|Re: I'll give 10 dollars to anybody who washes/will wash my car.
Group: alt.usage.english · Group Profile
Author: John Kane Date: Jun 24, 2008 18:28
On Jun 24, 8:41 am, datere yahoo.com.tw> wrote:
> I learned from my grammar books that we usually use only one "will" in
> either the main clause or the noun clause/relative clause. For
For reasons that I cannot explain I think that you can do this with
two of the sentences and perhaps no with the other two if you wish to
keep the same meaning.
> I'll give 10 dollars to anybody who washes my car.
> The man who marries my daughter will need to be tough and quick-
> This discovery will mean that we spend less on food.
> I will pray that he wins.
> But I'm wondering if I could use "will" in both parts of them. Like:
> I'll give 10 dollars to anybody who *will wash my car.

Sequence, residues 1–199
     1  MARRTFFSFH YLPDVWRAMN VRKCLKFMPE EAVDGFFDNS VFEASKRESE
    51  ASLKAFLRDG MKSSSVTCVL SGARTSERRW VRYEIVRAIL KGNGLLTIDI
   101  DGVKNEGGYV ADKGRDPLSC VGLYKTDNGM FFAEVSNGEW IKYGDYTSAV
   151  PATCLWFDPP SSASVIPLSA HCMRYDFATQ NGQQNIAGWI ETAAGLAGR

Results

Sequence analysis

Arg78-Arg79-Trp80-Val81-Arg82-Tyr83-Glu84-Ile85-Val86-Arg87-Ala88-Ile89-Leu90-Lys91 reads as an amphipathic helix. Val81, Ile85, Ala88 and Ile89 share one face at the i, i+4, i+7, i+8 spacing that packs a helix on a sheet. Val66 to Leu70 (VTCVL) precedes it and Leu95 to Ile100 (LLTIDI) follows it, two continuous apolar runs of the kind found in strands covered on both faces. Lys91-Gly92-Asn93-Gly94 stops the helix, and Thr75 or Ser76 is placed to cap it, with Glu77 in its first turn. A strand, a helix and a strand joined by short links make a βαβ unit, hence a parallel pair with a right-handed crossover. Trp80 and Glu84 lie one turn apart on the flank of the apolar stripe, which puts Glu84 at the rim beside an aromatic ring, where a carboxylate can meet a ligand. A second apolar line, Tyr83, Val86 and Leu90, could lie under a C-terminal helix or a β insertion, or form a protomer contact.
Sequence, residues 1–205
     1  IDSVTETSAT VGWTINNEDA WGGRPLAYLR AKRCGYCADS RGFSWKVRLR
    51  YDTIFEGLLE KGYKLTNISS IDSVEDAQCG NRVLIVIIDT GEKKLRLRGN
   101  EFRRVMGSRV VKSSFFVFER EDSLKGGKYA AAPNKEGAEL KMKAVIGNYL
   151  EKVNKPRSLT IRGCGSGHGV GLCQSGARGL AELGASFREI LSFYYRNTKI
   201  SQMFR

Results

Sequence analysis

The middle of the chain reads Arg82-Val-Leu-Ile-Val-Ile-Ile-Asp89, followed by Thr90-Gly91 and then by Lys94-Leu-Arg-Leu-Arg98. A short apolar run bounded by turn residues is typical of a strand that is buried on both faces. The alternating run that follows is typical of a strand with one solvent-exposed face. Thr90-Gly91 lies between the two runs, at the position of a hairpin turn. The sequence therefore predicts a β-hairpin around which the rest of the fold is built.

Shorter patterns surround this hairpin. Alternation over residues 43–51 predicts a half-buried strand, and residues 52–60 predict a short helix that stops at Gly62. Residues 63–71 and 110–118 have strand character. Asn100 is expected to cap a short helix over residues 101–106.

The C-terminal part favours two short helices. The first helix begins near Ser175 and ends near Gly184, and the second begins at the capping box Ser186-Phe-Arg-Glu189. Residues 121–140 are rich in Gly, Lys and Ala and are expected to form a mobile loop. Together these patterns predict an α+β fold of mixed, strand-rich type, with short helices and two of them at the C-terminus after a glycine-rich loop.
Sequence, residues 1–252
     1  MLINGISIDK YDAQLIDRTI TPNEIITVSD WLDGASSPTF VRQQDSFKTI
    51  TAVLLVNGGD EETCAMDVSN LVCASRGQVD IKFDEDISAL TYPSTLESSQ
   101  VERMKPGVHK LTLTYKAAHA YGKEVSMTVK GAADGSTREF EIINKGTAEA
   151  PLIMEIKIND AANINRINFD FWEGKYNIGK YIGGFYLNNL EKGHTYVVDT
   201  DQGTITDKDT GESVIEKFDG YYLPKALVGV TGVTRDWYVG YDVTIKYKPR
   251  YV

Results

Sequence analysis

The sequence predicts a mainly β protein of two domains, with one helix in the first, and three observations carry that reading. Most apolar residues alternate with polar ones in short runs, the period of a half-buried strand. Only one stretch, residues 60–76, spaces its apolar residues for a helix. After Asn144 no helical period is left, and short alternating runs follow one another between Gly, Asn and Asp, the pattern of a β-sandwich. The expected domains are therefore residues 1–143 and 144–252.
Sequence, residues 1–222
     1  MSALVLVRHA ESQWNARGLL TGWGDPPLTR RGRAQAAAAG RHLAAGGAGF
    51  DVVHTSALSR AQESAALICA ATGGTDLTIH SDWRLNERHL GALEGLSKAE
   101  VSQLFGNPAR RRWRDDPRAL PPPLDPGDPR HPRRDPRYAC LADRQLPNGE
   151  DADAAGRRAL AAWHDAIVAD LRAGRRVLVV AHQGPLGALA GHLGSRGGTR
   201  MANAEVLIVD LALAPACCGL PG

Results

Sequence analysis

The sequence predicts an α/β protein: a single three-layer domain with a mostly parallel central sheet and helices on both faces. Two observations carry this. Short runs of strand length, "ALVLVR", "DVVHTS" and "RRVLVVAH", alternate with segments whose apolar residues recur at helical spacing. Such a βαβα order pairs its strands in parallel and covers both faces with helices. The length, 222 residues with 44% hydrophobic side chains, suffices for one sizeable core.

I am not sure here. It may work but it may mean that you will give 10
dollars to anyone who is willing to wash the car. The idea may be
that it is a retainer not payment.
> The man who *will marry my daughter will need to be tough and quick-
This just does not sound right. I think that you need marries to
convey the idea of actually getting married.
> This discovery will mean that we *will spend less on food.
> I will pray that he *will win.
> Are those examples acceptable? I also saw another sentence using
> "will" in both parts:
> I'll tell him that I'll call back later.
This is a statement about what I will do later. Think of it as a
response to the question. What will you tell him when he asks you
about the information?
> Why sometimes it's OK to use "will" in both parts and sometimes it
> doesn't? Please enlighten me with my question, thank you very much!